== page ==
UPS is calling Wednesday “National Returns Day,” while in the UK, Royal Mail is calling today “Mail-Back Monday.”
Shipping carriers can barely catch their breath from a busy holiday shipping season when they’re inundated once again with some of the very packages they delivered to holiday shoppers. Welcome to Returns Week.
The UK shipping carrier expects the volume of return parcels to jump by more than 50% on January 4th due to consumers mailing back unwanted Christmas gifts and online purchases, according to a statement from the Managing Director Royal Mail Parcels released on Sunday.
UPS expects to deliver over 5 million returns by the end of this week, 500,000 more than last year.
But while returns present a revenue opportunity for shipping companies, they represent a big problem for retailers, many of whom had used generous return policies to attract holiday shoppers and boost conversion rates.
Royal Mail noted on Friday that 45% of small- and medium-sized sellers believe a good returns process makes consumers more likely to place an order. And UPS said recently that 67% of consumers said they look at a retailer’s return policy before they complete an order.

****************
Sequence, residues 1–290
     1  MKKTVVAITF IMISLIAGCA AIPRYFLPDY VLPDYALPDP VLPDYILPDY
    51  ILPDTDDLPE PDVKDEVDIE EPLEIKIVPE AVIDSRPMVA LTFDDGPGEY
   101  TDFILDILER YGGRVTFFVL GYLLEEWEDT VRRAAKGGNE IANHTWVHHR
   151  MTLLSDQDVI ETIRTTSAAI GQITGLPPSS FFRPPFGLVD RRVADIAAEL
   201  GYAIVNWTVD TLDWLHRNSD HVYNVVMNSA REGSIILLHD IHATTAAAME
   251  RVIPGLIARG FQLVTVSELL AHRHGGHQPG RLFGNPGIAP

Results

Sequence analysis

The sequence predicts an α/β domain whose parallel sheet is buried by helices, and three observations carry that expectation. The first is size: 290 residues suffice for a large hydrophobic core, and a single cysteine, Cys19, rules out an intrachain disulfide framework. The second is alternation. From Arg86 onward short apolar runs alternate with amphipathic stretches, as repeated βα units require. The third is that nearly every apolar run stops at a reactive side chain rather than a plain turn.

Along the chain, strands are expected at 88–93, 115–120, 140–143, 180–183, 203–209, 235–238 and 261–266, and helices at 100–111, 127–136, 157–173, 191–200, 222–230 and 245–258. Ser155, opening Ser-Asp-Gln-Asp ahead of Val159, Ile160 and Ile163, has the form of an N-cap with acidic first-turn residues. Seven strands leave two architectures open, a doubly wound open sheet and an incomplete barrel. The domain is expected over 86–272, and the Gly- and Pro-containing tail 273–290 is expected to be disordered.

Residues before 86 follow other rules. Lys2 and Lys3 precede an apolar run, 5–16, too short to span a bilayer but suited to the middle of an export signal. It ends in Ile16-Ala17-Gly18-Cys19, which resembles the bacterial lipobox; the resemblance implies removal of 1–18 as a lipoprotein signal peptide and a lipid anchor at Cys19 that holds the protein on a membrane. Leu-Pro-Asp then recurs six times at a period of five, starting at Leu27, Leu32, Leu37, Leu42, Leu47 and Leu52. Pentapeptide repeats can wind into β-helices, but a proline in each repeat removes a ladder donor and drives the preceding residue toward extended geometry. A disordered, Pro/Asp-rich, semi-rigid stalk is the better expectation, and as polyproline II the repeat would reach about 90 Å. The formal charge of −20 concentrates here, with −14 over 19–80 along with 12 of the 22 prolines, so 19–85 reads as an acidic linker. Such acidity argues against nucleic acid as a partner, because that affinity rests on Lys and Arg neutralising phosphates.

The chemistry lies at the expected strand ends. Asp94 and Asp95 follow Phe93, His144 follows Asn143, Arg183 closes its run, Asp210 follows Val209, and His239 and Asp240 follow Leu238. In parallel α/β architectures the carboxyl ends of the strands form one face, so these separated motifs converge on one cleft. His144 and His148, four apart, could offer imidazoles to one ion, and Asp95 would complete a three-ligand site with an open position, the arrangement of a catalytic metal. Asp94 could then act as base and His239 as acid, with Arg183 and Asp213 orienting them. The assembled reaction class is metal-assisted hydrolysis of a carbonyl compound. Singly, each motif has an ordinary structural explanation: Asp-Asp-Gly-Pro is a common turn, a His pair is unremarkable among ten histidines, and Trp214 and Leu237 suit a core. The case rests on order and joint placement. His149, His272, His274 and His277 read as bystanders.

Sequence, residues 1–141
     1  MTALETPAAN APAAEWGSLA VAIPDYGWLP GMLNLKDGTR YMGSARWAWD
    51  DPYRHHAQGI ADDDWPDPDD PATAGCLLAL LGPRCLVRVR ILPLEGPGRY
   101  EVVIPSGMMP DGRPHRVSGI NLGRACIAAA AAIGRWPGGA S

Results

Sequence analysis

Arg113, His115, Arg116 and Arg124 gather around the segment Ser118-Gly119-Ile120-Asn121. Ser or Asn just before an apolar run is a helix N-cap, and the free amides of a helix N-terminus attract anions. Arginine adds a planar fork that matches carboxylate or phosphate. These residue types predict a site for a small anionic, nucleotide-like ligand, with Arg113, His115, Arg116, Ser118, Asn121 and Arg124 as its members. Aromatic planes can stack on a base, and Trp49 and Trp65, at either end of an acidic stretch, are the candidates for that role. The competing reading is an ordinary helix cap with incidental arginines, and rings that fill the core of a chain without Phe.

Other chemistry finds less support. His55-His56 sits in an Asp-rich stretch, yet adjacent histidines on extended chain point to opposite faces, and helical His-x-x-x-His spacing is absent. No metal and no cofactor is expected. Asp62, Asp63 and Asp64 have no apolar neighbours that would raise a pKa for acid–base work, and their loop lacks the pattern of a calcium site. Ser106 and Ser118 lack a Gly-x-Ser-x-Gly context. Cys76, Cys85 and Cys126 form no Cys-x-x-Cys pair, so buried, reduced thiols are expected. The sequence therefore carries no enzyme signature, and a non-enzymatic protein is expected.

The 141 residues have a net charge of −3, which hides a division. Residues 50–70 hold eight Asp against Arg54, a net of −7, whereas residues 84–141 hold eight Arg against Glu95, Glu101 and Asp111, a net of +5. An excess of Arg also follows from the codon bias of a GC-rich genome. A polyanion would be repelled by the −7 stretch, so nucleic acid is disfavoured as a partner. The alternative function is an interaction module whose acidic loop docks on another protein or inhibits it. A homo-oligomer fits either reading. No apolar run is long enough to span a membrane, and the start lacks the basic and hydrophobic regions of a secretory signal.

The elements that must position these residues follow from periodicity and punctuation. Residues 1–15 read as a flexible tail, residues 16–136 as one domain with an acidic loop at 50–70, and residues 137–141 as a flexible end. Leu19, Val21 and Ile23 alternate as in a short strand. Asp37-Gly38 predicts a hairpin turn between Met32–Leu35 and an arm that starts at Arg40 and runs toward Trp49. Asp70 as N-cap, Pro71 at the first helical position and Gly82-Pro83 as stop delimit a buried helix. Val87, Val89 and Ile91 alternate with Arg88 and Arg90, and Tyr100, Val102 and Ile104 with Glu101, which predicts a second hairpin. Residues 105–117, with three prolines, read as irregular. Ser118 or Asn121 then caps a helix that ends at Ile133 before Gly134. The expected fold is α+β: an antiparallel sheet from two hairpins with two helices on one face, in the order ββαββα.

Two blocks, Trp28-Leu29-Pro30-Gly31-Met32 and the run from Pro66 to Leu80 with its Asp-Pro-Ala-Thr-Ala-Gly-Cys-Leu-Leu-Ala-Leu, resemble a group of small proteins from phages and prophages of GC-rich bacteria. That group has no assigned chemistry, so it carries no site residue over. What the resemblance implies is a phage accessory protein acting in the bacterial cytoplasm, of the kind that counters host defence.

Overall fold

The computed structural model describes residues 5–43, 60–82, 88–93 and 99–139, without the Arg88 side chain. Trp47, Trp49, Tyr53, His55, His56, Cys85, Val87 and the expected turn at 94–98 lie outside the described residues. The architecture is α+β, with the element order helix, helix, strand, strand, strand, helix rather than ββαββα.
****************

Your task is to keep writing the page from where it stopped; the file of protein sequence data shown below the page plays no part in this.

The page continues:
Another interesting factoid to ponder: When asked what percentage of gifts they received during last year’s winter holiday season they ended up returning, only 62% of those surveyed said zero, according to the National Retail Federation.
Online marketplaces such as eBay and Amazon are not immune from the pressure to present shoppers with a generous returns policy. However, they generally impose one-size-fits-all policies on merchants that can be difficult for those selling used or unique goods. Some sellers believe marketplaces have made it too tempting for buyers to abuse the returns process.
Some people may be in for a rude surprise – as we noted in November, Amazon was reportedly cracking down on chronic returners. But in general, sellers have the perception that Amazon is extremely generous to customers wishing to return items.
On eBay, sellers also worry about the problems of returns fraud. As we recently reported, some buyers use eBay’s SNAD policy to force a return, no matter what the seller’s policy around returns.
Returns fraud isn’t isolated to online merchants. Retailers told the National Retail Federation they estimate total annual returns to reach $260.5 billion in 2015, or 8% of total retail sales.
Of that, they expect 3.5% of the industry’s total returns to be fraudulent, a whopping $9.1 billion.